Skip to main content

“I Wouldn’t Change a Thing:” A Valentine’s Day Love Story

“I Wouldn’t Change a Thing:” A Valentine’s Day Love Story

On Valentine’s Day, Arun and Soania Mathur will be celebrating together—and taking a moment to reflect. “This holiday makes us realize we shouldn’t take each other for granted,” Arun says.

Gratitude for each other—and their time together—has been a recurring theme for the Mathurs. After Soania’s diagnosis of young-onset Parkinson’s disease (YOPD) at age 27, they have been driven to do more sooner. “When you have YOPD, you feel like there’s a ticking clock,” Arun says. “So we’ve made travel and family time a big priority. Although my gut and heart tell me we’ll be doing this in old age, we may not have that opportunity.”

Parkinson’s has certainly affected their life—and the lives of their three girls, Sarika (14), Neha (12) and Meeraya (8). But Arun says, “If I’d known on our first date where the next 25 years would take us, my question to Soania would still be, ‘What time should I pick you up?’”

While that first date felt like love at first sight, it required several months of planning on Soania’s part. A first-year undergraduate in Halifax, Nova Scotia, she was friends with Arun’s sister. All semester, Soania had been “borrowing” the computer of Arun (then a second-year medical student). As he soon learned, she wasn’t especially interested in his computer: She had an even better one of her own.

Now that Arun had taken notice of Soania, he hatched a plan of his own. He says, “When I started to date a girl, I’d make a bet with her, which I would lose. As part of the deal, I had to make her dinner. I always made the same dish. It may have looked impressive to her, but a monkey could have pulled it off. Thankfully, the last time I made it was January 15, 1988—our first date.”

The couple married five years later. They both graduated from medical school, Arun becoming a surgeon specializing in urologic oncology and Soania a family physician. Soania’s diagnosis, just after the birth of their first child, “still feels like yesterday,” says Arun. “It was a huge shock. When you’re that age, you feel like you’re bulletproof. It took us a lot of time to adjust.”

For the first 10 years, they didn’t want anyone to know about Soania’s PD. Focusing on their family and their careers, “We did whatever it took to hide it,” Arun says. “But eventually we realized more energy went into hiding it than enjoying whatever situation we were in. When we did tell everyone, we didn’t get the reaction we had feared for so long. Instead, the support was fantastic and a huge weight was lifted off our shoulders.”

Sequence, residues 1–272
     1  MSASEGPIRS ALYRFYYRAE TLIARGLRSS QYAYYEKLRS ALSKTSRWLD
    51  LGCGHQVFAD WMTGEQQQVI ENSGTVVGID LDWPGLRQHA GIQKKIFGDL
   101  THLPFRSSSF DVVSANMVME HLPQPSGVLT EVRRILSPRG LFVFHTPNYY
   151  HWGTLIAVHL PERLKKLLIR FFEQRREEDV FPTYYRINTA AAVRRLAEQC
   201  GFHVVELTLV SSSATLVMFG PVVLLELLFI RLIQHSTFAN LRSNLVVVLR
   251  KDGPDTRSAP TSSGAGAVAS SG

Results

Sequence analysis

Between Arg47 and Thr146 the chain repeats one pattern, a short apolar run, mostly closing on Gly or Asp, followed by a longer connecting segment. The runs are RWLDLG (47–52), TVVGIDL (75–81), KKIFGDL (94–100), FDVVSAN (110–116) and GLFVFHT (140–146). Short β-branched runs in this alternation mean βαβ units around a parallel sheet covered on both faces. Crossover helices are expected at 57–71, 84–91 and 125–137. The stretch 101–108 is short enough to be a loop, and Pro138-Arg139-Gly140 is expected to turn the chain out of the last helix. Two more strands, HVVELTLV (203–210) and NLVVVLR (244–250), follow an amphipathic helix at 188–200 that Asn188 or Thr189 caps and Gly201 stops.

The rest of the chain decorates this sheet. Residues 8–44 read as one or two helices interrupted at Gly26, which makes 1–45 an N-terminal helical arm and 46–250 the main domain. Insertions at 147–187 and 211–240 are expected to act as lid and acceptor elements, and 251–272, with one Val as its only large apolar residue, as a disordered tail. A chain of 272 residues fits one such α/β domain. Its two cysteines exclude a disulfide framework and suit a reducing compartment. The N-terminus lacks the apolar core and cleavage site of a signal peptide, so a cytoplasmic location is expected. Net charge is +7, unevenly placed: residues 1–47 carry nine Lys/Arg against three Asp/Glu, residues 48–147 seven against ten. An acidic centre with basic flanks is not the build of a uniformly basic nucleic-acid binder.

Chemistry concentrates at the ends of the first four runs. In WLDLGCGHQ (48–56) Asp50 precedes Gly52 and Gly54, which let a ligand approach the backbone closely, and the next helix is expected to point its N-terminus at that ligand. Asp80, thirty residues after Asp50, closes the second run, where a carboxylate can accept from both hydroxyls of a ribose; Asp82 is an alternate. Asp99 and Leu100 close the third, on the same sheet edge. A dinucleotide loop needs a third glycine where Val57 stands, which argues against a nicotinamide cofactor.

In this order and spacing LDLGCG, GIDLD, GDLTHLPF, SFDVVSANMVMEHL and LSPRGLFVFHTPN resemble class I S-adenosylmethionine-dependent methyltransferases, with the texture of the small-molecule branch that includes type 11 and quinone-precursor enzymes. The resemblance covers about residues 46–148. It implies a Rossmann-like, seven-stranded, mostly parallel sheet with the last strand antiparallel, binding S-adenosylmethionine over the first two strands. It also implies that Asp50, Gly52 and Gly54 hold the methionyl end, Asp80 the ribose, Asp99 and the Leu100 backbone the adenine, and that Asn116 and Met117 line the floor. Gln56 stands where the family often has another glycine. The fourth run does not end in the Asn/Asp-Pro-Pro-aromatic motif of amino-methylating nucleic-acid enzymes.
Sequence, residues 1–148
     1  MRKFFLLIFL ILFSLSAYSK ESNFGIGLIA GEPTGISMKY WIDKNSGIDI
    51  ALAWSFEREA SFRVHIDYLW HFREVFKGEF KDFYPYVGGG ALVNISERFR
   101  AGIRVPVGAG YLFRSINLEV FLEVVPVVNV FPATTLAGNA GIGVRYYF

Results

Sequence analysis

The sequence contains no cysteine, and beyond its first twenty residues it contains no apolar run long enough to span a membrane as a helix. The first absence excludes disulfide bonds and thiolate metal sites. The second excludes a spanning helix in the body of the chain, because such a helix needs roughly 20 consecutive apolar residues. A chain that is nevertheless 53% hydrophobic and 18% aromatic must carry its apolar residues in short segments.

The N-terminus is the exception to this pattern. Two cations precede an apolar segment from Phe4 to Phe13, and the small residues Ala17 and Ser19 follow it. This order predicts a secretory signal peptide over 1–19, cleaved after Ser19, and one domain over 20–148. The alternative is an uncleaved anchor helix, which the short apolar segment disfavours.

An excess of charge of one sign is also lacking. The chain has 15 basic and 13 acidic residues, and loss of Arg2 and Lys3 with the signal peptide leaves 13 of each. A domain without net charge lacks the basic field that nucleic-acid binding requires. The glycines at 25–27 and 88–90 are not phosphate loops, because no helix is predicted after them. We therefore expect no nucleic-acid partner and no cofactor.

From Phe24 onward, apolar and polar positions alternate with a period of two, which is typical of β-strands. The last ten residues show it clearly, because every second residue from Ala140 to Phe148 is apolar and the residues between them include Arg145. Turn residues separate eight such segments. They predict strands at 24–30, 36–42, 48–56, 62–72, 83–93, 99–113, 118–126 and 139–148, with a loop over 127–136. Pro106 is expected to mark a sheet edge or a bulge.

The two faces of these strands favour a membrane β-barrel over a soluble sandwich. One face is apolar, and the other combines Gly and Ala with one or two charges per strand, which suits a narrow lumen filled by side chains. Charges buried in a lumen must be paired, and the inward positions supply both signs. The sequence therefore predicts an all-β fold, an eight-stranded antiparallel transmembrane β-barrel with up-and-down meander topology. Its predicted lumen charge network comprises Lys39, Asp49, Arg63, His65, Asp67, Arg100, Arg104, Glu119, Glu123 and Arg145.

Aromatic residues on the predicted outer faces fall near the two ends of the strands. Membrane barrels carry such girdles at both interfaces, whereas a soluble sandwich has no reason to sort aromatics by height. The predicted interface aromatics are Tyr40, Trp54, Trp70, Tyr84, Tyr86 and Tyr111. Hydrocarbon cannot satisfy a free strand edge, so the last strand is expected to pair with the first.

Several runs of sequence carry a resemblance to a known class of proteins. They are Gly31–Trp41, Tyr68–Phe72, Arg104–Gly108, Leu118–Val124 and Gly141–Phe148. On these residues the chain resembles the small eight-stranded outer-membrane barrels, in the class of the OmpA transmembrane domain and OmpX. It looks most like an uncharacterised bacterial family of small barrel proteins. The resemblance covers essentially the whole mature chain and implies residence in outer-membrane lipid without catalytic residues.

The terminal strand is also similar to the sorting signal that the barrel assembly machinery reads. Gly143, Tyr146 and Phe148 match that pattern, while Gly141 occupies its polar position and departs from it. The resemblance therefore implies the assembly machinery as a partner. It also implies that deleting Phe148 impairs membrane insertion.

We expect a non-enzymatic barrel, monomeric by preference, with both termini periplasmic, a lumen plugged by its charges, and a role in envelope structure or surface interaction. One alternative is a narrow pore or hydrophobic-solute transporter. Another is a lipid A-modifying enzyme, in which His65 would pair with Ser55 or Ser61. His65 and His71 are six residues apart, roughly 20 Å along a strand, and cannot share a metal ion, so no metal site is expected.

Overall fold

Around that time, Soania and Arun also shared the news with their girls. They had grown up seeing the symptoms of their mother’s Parkinson’s, but without knowing what they were. Arun says, “For them, nothing really changed. Now they just had a name for Mommy’s shakes.” The girls began conducting their own research on Parkinson’s through “Dr. Google,” says Arun, and approached him and Soania about what action they could take. As their parents had gotten involved with The Michael J. Fox Foundation (Soania sits on the Patient Council and both have fundraised for Team Fox), Sarika, Neha and Meeraya wanted to do their part. While initially surprised by their interest, Arun admires how the girls’ involvement has broadened their perspectives—and taught them to appreciate their own good fortunes.

Arun will be celebrating Valentine’s Day with all four women in his life—dinner at a nice French restaurant for Soania and dessert somewhere fun for the girls. While he loves his medical practice, he says, “I try to define myself by my wife and my kids. Unlike a career, you can’t take my family away from me.”

To celebrate their 20th wedding anniversary this year, Arun has more plans in mind, which remain under wraps. “Not only is Soania stunning beautiful and brilliant, she really does complete me,” he says. “Despite being thrown a complex lifelong illness, she has taken these hardships in stride—raising three incredible children, maintaining strong spousal relations and motivating others with the disease. She has chosen to not succumb to Parkinson’s. That’s how you beat it.”

He continues, “Sometimes it takes a life-changing moment to shift your perspective. For me, it was my wife’s Parkinson’s. It—and she—have made me a better person. And I wouldn’t change a thing.”



We use cookies to ensure that you get the best experience. By continuing to use this website, you indicate that you have read our Terms of Service and Privacy Policy.